Indigenous people frequently and correctly point out that Indigenous place names in North America are based on geographical features or things that happened in that place, whereas settler place names in North America are either named after the first person to settle there, or a place in Britain or Europe. This is true.
What’s more, the place names in Britain and Europe are named after geographical features, things that happened there, Pagan deities, and previous inhabitants’ names for the place. So it makes no sense to transplant them to a place with different geographical features (though I assume people did it for nostalgic reasons).
Reading about hygge, which seems very akin to Pagan ideals of comfort and pleasure, and about the Indigenous sense of humour, gives me hope that one day all of humanity will again see the Earth as sacred. I also reread some Dion Fortune.
Water • September Pagan Challenge # 26
In OBOD Druidry, Autumn Equinox is called Alban Elfed, the Light of the Water. So here are some photos of water and light. I think Alban Elfed is a wonderful name — light and water are a natural pairing and the reflective nature of water does amazing things with light. Water is sacred in most Earth-based traditions, including ancient and modern Pagan traditions, and Indigenous traditions of Turtle Island (North America).
My books are about inclusive Wicca and witchcraft; how to include LGBTQIA people, disabled people, and BIPOC people in ritual and witchcraft; embodied spirituality; and the inner work of ritual.
Happy Autumn Equinox everyone! Time for cooler weather and warm jumpers and scuffing through the autumn leaves.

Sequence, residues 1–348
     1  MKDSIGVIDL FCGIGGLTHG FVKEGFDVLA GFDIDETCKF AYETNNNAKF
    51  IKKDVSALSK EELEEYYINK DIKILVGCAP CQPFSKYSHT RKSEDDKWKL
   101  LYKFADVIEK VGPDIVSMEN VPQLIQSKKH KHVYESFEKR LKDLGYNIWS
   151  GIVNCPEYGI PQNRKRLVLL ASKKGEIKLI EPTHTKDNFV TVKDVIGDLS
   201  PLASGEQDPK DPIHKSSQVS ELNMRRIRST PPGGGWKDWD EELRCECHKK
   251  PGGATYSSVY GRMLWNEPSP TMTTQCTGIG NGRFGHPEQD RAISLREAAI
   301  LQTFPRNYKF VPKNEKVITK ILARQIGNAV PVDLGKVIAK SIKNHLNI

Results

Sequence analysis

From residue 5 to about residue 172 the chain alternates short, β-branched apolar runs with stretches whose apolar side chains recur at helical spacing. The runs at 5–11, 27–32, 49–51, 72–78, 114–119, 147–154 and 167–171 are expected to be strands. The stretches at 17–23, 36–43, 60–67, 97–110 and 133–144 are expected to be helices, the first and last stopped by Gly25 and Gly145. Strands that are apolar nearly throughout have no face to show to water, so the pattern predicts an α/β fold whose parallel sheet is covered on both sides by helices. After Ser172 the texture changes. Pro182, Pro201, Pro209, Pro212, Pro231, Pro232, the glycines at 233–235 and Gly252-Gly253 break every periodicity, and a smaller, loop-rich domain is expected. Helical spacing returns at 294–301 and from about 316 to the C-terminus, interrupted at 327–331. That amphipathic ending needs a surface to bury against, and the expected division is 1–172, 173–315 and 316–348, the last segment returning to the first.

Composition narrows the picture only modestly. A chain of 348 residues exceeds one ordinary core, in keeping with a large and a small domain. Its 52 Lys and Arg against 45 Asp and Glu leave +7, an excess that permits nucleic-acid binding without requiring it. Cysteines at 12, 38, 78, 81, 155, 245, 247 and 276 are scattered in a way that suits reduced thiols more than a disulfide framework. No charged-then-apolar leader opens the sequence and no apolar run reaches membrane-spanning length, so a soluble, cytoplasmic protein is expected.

Green witch • September Pagan Challenge # 18.
Whenever anyone asks “are you a black witch or a white witch?” (thankfully this is an increasingly rare question), I say “neither, I’m a green witch”.
I love walking in the woods and gardening, so I think that makes me a green witch. I also try to be green by doing recycling and using less resources.
“As to you O Moon” by Edward Carpenter • September Pagan Challenge # 17 (New Moon)
Today’s moon phase is actually waxing gibbous.
Edward Carpenter (1844-1929) was a gay Pagan vegetarian socialist and one of the founders of the Pagan revival. This poem appears on page 141-142 of his book “Towards Democracy”.
Thanks to James Butler for introducing me to this poem.
Cosy • September Pagan Challenge # 16
The word cosy evokes blankets and cocoa, thick velvet curtains, woolly knitted jumpers, and squishy sofas. It’s slightly chintzier than hyggelig.
The word hyggelig evokes hugs, firelight, candles, warm food, cocoa, mulled wine, rambling conversations, simple rustic pleasures and interiors, and curling up in an inglenook or window seat with a book.
The candle. September Pagan Challenge # 15.
Candles must be the most versatile magical thing there is.
Autumn’s fiery face
shifts and ripples across the woods,
catching and snagging
the lips of Summer
in a blushing kiss.
A tiny patch of red leaves among the green,
scorching and kindling
A rhodochromatic fire.
It starts softly,
Then rages across the land,
Not destroying but creating.
Dropping the leaves quietly on the ground,
Nests for beetles and fungi,
Worms and larvae,
Breaking them down for compost
To feed new life.
© 2021, Yvonne Aburrow